Preparing for Change

A simple definition of change is “to cause to be different”.  The idea of change management on a personal level has been studied for more than one hundred years. But it is only since the mid- 1980’s that change management has been explored within the context of business applications.

Today’s change management initiatives have become a business discipline, driving bottom-line results through changes in systems and behaviors. Managing change has therefore become a critical skill, both for leadership — and for workers in an organization.

Related: Change Management Online Course

Defining Your Strategy

It is critical to manage change by creating and implementing a strategy that defines an approach consistent with the unique needs of the organization. The strategy serves as the guiding framework, providing direction and shaping decision making throughout the change process.

A simple way to gather data for the strategy is to set up interviews and ask questions regarding the different aspects of the change. Below are some typical questions:

From the answers to the questions, the strategy document is created, serving as a “blueprint” for the initiative. A strategy document should discuss important components of the change. The components are listed below.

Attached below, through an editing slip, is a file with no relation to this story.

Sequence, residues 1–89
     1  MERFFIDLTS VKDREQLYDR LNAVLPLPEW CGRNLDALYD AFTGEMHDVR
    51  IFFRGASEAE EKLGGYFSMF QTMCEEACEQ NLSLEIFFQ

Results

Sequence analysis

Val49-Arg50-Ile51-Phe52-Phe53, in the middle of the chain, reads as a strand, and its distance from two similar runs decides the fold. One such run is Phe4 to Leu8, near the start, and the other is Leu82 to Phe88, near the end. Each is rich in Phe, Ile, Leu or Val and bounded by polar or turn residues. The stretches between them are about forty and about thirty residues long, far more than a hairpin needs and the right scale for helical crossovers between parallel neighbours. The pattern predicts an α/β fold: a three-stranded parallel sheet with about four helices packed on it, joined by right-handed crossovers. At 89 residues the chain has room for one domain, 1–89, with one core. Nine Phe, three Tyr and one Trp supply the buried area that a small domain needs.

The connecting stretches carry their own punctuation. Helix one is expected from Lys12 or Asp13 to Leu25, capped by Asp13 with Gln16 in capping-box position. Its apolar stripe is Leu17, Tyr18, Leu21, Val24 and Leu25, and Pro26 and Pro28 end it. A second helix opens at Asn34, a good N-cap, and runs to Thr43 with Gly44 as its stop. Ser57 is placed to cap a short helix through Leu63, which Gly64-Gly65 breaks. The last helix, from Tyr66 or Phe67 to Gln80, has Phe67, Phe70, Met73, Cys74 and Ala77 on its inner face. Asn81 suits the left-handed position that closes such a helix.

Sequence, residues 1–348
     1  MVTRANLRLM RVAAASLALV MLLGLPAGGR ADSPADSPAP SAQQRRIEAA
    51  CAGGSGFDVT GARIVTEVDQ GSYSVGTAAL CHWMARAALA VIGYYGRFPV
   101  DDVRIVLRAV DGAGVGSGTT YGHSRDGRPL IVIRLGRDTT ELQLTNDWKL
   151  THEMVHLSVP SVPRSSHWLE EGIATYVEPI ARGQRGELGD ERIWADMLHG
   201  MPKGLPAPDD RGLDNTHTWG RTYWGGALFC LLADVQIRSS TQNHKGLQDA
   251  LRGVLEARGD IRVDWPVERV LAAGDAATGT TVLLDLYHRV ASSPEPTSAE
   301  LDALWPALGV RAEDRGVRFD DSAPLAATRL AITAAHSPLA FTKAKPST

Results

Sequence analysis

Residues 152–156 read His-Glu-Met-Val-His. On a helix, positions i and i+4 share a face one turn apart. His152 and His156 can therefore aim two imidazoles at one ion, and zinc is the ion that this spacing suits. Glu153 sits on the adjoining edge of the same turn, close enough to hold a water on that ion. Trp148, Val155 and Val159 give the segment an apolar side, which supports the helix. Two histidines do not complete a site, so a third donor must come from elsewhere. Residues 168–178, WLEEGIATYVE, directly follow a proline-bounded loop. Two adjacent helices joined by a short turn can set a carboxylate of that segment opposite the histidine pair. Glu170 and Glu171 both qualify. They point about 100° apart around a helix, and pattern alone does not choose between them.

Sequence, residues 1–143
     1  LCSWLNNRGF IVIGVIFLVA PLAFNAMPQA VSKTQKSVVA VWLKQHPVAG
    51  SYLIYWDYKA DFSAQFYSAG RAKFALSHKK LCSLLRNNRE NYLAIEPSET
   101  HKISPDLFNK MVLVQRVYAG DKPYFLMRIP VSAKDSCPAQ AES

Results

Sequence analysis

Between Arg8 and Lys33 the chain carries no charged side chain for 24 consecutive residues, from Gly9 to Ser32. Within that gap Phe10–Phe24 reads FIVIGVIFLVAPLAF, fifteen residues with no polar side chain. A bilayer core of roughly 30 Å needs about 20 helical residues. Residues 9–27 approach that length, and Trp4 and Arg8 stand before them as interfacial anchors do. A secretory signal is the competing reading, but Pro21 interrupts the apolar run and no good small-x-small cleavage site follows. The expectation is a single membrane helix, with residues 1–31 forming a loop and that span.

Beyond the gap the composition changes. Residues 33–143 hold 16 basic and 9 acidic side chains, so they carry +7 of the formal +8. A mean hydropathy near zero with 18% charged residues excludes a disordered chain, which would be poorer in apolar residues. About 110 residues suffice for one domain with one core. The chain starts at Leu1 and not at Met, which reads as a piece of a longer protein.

• Description of the proposed change vision, and its goals
  • The reasons(s) why the change is necessary
  • Critical success measures and key performance indicators
  • Project stakeholders and stakeholder groups and their involvement
  • Key messages to communicate
  • Roles and Responsibilities
  • Target time frame to achieve goals
  • Focus Areas

Building the Team

To effectively implement a team positioned for success, leaders must select members who display a high degree of skill in six key elements:

  1. Commitment
  2. Contribution
  3. Communication
  4. Cooperation
  5. Conflict management
  6. Connection

The team must represent all of the needed functional groups and roles necessary to manage the change initiative. By formalizing the team and providing funding and other resources, it sends a message of accountability and responsibility, and illustrates the investment the organization has made in the change.